Legalizing Medical Cannabis Reduces Traffic Fatalities, Finds Study

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Legalizing Medical Cannabis Reduces Traffic Fatalities, Finds Study

Legalizing medical cannabis – including dispensaries – is associated with a reduction in traffic fatalities. This is according to a new study published by the American Journal of Public Health.

Using data from the 1985–2014 Fatality Analysis Reporting System, researchers “examined the association between MMLs [medical marijuana laws] and traffic fatalities in multilevel regression models while controlling for contemporaneous secular trends.” They examined this association “separately for each state enacting MMLs”, and also “evaluated the association between marijuana dispensaries and traffic fatalities.”

The study found that; “On average, MML states had lower traffic fatality rates than non-MML states. Medical marijuana laws were associated with immediate reductions in traffic fatalities in those aged 15 to 24 and 25 to 44 years, and with additional yearly gradual reductions in those aged 25 to 44 years.”

Researchers note that “state-specific results showed that only 7 states experienced post-MML reductions”, and “Dispensaries were also associated with traffic fatality reductions in those aged 25 to 44 years.”

The study concludes that;Both MMLs and dispensaries were associated with reductions in traffic fatalities, especially among those aged 25 to 44 years. State-specific analysis showed heterogeneity of the MML–traffic fatalities association, suggesting moderation by other local factors. These findings could influence policy decisions on the enactment or repealing of MMLs and how they are implemented.”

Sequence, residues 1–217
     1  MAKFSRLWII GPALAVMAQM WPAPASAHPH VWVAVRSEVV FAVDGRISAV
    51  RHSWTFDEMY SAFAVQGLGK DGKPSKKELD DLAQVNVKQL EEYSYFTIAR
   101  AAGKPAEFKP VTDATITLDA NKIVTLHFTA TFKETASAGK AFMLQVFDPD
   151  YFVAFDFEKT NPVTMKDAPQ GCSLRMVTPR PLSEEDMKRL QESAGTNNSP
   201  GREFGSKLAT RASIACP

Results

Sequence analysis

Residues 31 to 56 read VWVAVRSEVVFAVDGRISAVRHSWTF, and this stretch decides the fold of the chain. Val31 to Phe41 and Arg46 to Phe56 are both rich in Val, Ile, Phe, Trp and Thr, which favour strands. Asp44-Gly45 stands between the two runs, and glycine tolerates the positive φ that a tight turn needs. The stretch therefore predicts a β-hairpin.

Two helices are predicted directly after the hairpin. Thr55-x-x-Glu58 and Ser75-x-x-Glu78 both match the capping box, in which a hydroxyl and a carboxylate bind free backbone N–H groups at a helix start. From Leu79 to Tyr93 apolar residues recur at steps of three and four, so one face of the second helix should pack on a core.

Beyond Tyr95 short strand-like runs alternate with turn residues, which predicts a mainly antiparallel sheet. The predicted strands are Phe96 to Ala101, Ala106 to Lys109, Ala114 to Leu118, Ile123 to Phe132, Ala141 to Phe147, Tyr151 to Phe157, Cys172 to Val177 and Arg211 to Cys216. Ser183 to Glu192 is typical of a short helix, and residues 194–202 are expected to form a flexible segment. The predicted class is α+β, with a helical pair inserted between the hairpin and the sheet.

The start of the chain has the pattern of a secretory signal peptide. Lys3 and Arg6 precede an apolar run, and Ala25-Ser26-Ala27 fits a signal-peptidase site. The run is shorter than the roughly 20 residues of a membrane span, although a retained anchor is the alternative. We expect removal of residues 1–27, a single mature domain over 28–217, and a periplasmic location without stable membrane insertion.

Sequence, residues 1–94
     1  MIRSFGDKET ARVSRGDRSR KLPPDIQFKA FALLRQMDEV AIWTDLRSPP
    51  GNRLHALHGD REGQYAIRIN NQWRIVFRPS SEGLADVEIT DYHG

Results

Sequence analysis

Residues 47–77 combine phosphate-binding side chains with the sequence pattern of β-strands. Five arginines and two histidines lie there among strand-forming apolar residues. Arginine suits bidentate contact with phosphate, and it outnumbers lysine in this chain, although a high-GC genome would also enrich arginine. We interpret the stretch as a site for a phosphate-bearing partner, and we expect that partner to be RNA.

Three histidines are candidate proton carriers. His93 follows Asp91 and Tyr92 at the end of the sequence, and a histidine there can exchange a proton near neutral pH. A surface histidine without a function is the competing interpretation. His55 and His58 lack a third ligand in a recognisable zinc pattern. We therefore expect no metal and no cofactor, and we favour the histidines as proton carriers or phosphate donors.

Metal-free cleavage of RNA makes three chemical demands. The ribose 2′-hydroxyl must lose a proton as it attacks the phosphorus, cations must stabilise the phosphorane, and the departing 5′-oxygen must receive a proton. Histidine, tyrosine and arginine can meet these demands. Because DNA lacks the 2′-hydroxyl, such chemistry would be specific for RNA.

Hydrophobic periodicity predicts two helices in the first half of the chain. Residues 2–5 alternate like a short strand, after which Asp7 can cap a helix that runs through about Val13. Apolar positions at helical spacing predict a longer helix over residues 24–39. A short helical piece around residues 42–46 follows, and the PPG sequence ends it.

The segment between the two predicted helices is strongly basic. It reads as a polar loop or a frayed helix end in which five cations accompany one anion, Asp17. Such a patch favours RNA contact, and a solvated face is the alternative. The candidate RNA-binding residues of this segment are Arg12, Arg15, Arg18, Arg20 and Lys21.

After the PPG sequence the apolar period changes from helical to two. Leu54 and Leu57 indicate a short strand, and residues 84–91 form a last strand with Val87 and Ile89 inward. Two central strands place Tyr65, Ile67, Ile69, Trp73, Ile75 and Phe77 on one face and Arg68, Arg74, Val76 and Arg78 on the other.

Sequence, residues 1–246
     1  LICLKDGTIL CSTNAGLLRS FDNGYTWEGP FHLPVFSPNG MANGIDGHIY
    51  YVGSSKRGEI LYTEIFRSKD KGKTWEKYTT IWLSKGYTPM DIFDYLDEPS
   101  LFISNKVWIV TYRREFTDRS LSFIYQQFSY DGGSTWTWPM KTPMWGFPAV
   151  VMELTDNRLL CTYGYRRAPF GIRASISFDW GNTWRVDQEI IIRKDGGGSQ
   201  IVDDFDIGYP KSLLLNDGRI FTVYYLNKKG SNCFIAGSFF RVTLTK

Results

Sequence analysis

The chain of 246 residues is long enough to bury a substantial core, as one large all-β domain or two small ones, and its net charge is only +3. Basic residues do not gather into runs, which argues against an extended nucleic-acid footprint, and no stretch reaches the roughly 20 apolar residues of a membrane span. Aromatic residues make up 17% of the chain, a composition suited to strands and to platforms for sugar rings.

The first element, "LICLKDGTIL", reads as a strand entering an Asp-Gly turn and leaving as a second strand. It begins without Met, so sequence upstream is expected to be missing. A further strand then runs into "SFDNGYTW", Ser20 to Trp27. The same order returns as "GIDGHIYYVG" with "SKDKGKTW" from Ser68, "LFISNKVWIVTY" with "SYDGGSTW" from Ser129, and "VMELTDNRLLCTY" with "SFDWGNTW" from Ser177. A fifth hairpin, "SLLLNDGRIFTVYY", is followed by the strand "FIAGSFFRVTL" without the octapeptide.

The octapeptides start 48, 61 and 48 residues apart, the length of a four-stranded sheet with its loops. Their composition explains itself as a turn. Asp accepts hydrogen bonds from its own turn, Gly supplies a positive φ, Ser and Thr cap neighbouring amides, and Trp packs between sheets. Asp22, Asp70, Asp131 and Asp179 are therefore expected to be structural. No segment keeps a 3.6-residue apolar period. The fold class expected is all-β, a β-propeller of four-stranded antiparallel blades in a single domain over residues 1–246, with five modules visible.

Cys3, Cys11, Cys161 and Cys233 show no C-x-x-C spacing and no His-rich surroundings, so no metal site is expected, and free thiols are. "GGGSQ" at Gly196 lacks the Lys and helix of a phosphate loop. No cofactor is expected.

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According to Silvia Martins, a professor who served as the study’s lead author, the decrease is likely associated with a decrease in alcohol consumption.

“We found evidence that states with the marijuana laws in place compared with those which did not, reported, on average, lower rates of drivers endorsing driving after having too many drinks,” Martins said in a press release.

The study was conducted at Columbia University’s Mailman School of Public Health; it can be found by clicking here.

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